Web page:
Police censured for storing personal info
Swedish police can too easily access the personal information of suspects and may be breaking privacy of information rules.
An inquiry by the Swedish Data Protection Authority (Datainspektionen) found that an internal system in which the police keep information about suspected criminals was especially problematic. Cecilia Agnell, a lawyer for Datainspektionen, told Swedish Radio news that too many police can access the data.
"This is of course an IT system that the police use to spread information within the police organization. When all police officers, no matter where in the country you work or what kind of crimes you work with - have access to all this information in this way, it's definitely not compatible with the polisdatalagen ("police data laws")," said Agnell.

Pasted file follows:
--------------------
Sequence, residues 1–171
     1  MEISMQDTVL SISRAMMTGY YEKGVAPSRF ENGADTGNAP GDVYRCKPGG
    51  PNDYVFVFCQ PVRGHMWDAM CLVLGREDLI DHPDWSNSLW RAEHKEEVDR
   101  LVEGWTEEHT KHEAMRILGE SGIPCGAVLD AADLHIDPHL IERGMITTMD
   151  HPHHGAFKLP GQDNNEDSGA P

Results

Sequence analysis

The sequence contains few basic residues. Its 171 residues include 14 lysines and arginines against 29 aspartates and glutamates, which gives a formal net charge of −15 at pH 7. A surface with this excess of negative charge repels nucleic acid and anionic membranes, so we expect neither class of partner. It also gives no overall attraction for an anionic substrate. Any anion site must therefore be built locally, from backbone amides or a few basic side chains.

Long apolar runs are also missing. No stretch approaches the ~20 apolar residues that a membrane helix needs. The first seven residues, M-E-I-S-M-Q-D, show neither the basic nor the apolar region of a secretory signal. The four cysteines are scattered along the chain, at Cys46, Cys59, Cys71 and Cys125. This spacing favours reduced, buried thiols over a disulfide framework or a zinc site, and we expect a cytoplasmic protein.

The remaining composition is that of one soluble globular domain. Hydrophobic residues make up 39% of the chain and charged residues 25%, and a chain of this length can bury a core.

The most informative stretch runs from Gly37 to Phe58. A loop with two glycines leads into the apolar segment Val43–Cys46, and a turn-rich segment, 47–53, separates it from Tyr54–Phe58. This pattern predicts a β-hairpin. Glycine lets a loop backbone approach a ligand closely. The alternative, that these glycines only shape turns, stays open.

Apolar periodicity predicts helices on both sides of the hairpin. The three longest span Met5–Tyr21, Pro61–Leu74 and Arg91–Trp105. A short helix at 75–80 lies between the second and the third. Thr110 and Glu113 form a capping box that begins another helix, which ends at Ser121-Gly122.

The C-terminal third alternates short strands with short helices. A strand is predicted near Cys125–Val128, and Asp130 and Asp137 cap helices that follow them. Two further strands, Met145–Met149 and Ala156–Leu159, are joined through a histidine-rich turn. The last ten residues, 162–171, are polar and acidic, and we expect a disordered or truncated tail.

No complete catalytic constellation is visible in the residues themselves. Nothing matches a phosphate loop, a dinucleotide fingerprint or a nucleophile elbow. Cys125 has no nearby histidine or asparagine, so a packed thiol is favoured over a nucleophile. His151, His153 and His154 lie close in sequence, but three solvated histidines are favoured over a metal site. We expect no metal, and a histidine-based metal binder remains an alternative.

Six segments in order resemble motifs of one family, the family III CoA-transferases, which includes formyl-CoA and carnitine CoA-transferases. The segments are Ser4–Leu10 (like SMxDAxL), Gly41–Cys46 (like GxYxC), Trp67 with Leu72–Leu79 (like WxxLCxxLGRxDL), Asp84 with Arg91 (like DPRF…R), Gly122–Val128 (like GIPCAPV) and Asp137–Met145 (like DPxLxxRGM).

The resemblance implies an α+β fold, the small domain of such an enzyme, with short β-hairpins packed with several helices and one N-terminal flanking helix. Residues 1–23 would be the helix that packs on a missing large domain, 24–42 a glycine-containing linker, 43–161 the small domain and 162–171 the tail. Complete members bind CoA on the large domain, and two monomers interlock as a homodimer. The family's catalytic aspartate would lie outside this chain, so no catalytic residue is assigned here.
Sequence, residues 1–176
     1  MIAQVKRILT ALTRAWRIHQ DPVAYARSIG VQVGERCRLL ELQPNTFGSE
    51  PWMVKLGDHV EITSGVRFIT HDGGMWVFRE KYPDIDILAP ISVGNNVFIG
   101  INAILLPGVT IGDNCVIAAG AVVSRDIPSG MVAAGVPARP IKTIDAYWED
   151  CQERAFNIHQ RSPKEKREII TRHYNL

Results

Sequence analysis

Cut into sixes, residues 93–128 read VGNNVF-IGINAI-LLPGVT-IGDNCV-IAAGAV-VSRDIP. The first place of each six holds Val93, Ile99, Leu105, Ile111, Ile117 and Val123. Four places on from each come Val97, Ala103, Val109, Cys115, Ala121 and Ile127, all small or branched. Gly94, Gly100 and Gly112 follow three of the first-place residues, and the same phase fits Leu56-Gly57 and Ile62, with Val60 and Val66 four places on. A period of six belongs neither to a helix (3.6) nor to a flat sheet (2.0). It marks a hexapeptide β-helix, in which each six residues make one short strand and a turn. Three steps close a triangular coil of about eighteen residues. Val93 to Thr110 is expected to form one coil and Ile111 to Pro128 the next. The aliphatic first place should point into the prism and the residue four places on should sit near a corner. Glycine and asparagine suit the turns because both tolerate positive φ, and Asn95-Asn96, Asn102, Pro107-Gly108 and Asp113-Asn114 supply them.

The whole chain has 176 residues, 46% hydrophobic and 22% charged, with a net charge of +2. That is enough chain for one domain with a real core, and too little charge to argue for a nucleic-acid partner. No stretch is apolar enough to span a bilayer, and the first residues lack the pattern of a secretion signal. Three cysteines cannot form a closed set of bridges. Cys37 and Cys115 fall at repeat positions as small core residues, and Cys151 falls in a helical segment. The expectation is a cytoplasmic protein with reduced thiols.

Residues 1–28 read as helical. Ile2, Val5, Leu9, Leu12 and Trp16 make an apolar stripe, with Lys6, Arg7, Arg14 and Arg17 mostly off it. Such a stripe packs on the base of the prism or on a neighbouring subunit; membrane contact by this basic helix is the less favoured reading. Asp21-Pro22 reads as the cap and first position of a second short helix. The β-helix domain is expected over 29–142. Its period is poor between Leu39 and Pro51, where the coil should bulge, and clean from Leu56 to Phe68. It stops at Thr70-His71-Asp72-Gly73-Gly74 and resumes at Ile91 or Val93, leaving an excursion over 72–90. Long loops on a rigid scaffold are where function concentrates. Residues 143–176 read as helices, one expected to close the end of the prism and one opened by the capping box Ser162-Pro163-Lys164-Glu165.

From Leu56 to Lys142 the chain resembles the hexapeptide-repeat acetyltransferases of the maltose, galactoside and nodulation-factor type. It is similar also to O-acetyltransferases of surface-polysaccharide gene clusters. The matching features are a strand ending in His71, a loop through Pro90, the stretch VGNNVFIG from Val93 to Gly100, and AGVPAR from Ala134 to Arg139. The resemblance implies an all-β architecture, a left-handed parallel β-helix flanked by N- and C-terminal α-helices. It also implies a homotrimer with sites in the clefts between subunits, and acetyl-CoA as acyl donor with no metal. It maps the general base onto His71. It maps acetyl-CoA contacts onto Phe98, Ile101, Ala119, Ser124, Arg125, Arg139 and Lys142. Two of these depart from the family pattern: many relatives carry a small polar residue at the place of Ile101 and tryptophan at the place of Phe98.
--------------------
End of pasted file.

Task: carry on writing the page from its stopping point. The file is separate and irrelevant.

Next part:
The so-called OBS Portal is used for the internal exchange of information about crimes, surveillance, and other criminal intelligence. The system's openness violates rules that restrict police access to personal information and which stipulate that officers may only have access to information in the service of performing their individual work.
The Data Protection Authority is now requiring eight measures to place restrictions on the internal system. They have until October 18 to fix the problems.
"We have to make changes so that the clearance for accessing data reflects the value of what you'd be entering. So that local information is only reachable inside of the area where it belongs," said Kummel.